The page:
Thurloe’s assistant Samuel Morland wrote to John Pell at the start of June that:
There has been the most dangerous pamphlet lately thrown about the streets that ever has been printed in these times. I have sent you the preface, which is more light, but, believe me, the body of it is more solid; I mean as to showing the author’s learning, though the greatest rancour, malice, and wickedness that ever man could show – nay, I think the devil himself could not have shown more.
People paid up to 5 shillings to get hold of copies. A copy even got thrown into Cromwell’s coach.
So how did Sexby and his accomplices achieve this? The first step was maximise the numbers who could have read Killing Noe Murder had. The pamphlet is 16 pages of quarto, and hence made up of two sheets of paper. Each set of 8 pages would have been printed as follows: the numbers represent page numbers in the final book.
It was printed on cheap paper – possibly ‘pot paper’, which in the 1620s had sold for between 3s. 4d. and 4s.6d. a ream. A ream contained 500 sheets, so one ream would have supplied 250 copies of the book. The 2,000 copies confiscated by the authorities would hence have cost at least £1 for Sexby and his accomplices to commission. Of course this does not include printer’s costs: by way of comparison, in 1655 Sturgeon had paid the radical printer Richard Moone 40 shillings for 1,000 copies of A Short Discovery of his Highness the Lord Protector’s Intentions. This was 8 pages long so a work double the size might have cost 80 shillings, or £4, for 1,000 copies. Assuming on top of the 2,000 confiscated copies that perhaps another 1,000 or 2,000 copies did survive and go into circulation, the whole enterprise might have cost Sexby £12 to £16.
Parcels of the pamphlet would then have been shipped across to London. Thurloe ordered a search of Dutch boats but had no luck in finding which skipper had shipped them over. It seems likely that John Sturgeon was Sexby’s London agent when it came to receiving and distributing copies. He had fled to the Netherlands after being involved in Miles Sindercombe’s failed plot to kill Cromwell earlier in 1657, so probably accompanied the pamphlets over to England from Amsterdam.
When it came to scattering copies about London’s streets, it’s impossible to know exactly how Sturgeon achieved this. However, it seems likely that he drew on radical political and religious communities within London. Sturgeon was a member of the Baptist church of Edmund Chillenden, which met at St Paul’s. In the 1630s, Chillenden had been involved with John Lilburne in distributing subversive puritan literature, and had subsequently been involved in army politics with Sexby. It seems plausible that his church was the centre for a number of London-based Levellers and Baptists whom Sturgeon may have mobilised to help. Someone else arrested along with Sturgeon was Edward Wroughton, a haberdasher who was a member of Thomas Venner’s Fifth Monarchist congregation at Coleman Street. Members of this church were mostly young men and apprentices, who would be likely candidates for dispersing the pamphlet during the middle of the night. So it’s possible too that a network of congregations played a part in helping Sexby.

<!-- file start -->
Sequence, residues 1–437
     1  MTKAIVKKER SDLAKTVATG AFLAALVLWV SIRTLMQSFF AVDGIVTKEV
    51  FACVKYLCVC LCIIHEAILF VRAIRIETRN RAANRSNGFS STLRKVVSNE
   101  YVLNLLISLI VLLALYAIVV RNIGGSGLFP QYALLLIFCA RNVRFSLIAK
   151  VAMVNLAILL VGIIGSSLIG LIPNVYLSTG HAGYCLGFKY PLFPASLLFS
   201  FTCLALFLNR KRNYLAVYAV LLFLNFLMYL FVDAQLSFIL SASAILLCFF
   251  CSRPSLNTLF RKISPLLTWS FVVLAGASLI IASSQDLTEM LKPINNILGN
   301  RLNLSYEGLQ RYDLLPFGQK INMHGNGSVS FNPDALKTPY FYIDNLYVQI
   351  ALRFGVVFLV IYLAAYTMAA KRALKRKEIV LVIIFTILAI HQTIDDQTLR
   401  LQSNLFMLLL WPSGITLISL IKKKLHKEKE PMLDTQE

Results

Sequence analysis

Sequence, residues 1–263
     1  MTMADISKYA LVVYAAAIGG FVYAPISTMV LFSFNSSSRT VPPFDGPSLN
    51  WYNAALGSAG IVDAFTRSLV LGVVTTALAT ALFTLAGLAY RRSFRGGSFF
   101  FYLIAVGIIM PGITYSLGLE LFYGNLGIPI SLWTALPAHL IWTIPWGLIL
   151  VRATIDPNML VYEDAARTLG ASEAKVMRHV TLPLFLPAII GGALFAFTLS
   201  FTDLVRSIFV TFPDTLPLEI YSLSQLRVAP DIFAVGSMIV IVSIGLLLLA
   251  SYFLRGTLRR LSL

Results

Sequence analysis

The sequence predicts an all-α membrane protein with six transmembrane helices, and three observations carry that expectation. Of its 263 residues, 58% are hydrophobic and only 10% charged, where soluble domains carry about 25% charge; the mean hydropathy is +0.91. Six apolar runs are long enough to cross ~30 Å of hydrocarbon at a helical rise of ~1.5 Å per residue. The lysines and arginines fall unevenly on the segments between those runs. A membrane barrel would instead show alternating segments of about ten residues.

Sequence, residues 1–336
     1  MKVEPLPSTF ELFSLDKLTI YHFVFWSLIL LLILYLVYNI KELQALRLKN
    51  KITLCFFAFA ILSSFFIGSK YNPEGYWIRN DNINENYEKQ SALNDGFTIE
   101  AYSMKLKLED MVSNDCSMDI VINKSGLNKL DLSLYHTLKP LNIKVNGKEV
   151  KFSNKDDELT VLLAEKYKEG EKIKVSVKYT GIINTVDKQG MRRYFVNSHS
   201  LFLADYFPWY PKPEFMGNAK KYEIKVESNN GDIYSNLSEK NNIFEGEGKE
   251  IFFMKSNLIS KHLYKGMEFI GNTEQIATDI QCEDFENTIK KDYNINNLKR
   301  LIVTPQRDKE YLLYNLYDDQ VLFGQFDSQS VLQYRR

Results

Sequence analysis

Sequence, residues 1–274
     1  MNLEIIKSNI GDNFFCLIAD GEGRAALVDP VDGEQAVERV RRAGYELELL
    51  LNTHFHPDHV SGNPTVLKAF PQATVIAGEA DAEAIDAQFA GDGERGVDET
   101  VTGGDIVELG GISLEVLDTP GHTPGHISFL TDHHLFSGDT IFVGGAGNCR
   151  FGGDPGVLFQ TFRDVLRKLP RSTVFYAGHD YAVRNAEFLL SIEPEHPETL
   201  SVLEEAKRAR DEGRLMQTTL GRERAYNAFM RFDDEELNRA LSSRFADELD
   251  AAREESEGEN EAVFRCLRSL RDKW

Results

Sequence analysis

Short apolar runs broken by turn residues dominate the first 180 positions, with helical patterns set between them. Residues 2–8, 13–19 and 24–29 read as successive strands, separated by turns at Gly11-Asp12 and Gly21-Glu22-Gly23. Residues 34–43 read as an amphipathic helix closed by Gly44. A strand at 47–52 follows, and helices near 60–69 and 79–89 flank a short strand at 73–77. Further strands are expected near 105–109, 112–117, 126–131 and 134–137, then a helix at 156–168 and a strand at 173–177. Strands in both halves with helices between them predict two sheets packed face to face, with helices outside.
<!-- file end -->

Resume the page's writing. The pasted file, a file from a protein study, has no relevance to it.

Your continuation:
Killing Noe Murder had an impact out of proportion to its size and the number of copies distributed. It became a major talking point and the Protectorate took significant steps to take it out of circulation and arrest its conspirators. Sadly for Sexby, he was arrested after returning to London in June 1657 to foment further assassination attempts. While being held in the Tower of London he confessed authorship of Killing Noe Murder. He died there in January 1658.
My illustration is of course of the Master DI Sam Tyler John Simms as Sexby in The Devil’s Whore. For more on Sexby and Killing Noe Murder:
- Oxford Dictionary of National Biography. [subscription or Athens access needed]
- ‘State Papers, 1657: May (6 of 6)’, A collection of the State Papers of John Thurloe, volume 6: January 1657 – March 1658 (1742), pp. 315-329.
- James Holstun, Ehud’s dagger: Class Struggle in the English Revolution (London and New York, 2000), ch. 8.
- C.H. Firth, ‘Killing No Murder’, English Historical Review (1902), pp. 308-311. [subscription or Athens access needed]